Good-bye, gargantuan great rooms. Sayonara, massive master bedrooms. Just as the average new home size in the U.S. has dipped, additions have been shrinking too, a sign that we're taking steps to curb energy consumption and lower remodeling costs in an era of rising utility prices and uncertain home values. As many of us learned the hard way, the race to renovate often led to spending too much on a too-big addition with too little planning and, ultimately, rooms that didn't meet our needs.
The renovation and expansion of this 1915 Dutch Colonial in Newton Centre, Massachusetts, the site of This Old House TV's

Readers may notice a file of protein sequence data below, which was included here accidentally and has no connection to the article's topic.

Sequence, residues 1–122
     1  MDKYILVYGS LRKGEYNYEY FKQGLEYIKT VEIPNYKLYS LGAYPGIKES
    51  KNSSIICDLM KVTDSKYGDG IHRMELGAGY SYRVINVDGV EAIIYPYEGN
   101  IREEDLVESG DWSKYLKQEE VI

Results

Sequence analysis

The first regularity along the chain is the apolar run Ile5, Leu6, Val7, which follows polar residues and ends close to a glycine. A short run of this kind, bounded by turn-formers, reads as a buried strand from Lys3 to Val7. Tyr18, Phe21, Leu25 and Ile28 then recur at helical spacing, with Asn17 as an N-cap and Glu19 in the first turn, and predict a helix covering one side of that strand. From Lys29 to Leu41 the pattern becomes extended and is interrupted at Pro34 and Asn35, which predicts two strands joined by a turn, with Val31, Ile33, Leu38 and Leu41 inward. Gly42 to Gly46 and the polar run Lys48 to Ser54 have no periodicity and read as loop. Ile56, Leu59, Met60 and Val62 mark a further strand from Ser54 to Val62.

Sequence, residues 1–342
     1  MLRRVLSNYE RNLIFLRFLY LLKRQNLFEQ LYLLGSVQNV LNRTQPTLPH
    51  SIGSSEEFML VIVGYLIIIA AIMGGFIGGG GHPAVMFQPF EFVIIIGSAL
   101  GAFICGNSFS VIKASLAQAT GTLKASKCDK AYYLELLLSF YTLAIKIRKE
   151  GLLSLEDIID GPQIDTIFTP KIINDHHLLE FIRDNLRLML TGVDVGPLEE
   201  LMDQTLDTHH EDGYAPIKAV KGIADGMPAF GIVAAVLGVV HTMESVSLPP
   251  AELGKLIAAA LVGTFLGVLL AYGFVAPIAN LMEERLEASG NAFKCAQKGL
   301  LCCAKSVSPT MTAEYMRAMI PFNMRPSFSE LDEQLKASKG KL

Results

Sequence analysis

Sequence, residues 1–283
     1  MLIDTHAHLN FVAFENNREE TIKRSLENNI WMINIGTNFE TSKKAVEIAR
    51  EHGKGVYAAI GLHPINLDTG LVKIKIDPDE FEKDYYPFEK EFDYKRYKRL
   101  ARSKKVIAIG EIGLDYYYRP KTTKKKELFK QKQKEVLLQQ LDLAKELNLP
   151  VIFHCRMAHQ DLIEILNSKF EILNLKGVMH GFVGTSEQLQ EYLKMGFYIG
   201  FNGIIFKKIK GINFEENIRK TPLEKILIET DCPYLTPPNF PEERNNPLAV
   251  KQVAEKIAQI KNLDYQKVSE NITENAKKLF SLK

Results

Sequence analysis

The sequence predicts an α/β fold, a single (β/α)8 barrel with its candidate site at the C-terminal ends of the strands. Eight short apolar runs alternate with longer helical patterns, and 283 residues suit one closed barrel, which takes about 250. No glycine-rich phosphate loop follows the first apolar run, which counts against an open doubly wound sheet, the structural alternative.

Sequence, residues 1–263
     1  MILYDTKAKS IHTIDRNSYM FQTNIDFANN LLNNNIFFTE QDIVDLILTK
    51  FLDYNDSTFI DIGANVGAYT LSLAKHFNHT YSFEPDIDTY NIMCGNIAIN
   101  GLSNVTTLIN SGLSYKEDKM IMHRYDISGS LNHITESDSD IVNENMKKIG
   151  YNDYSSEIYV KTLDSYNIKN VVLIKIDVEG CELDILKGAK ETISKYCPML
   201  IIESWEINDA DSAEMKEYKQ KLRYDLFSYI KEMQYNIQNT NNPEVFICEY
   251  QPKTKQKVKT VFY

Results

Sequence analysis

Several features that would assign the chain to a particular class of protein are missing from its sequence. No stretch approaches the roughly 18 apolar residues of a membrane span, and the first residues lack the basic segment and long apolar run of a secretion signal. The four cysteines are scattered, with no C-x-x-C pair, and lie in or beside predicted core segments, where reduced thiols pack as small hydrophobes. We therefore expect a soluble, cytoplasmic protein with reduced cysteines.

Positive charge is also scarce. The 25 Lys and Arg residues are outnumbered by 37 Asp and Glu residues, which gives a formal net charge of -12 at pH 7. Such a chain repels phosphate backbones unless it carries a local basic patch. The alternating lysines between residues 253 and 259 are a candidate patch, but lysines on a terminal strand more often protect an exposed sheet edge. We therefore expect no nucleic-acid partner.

latest project, is a handsome example of the kind of modest-scale, well-planned remodel that's more in tune with the times. "When we moved in, we knew we wanted a bigger kitchen and more room for working at home and having people over," says homeowner Bill Pierce, a writer and editor, whose wife, Gillian, is a professor at Boston University. "But we decided to live here for a while to get to know the house before plunging into a big project."
It took the Pierces three and a half years to figure out what spaces they needed and a year of working with local architect Paul Rovinelli
to flesh out the floor plans. At 330 square feet, the addition gives them just enough breathing room. Keep reading to see how their refurbished house suits their lifestyle—it's an inspiration for anybody who wants more room at home. Window trim, beadboard: Azek Asphalt shingles: CertainTeed Copper gutters: On-site storage: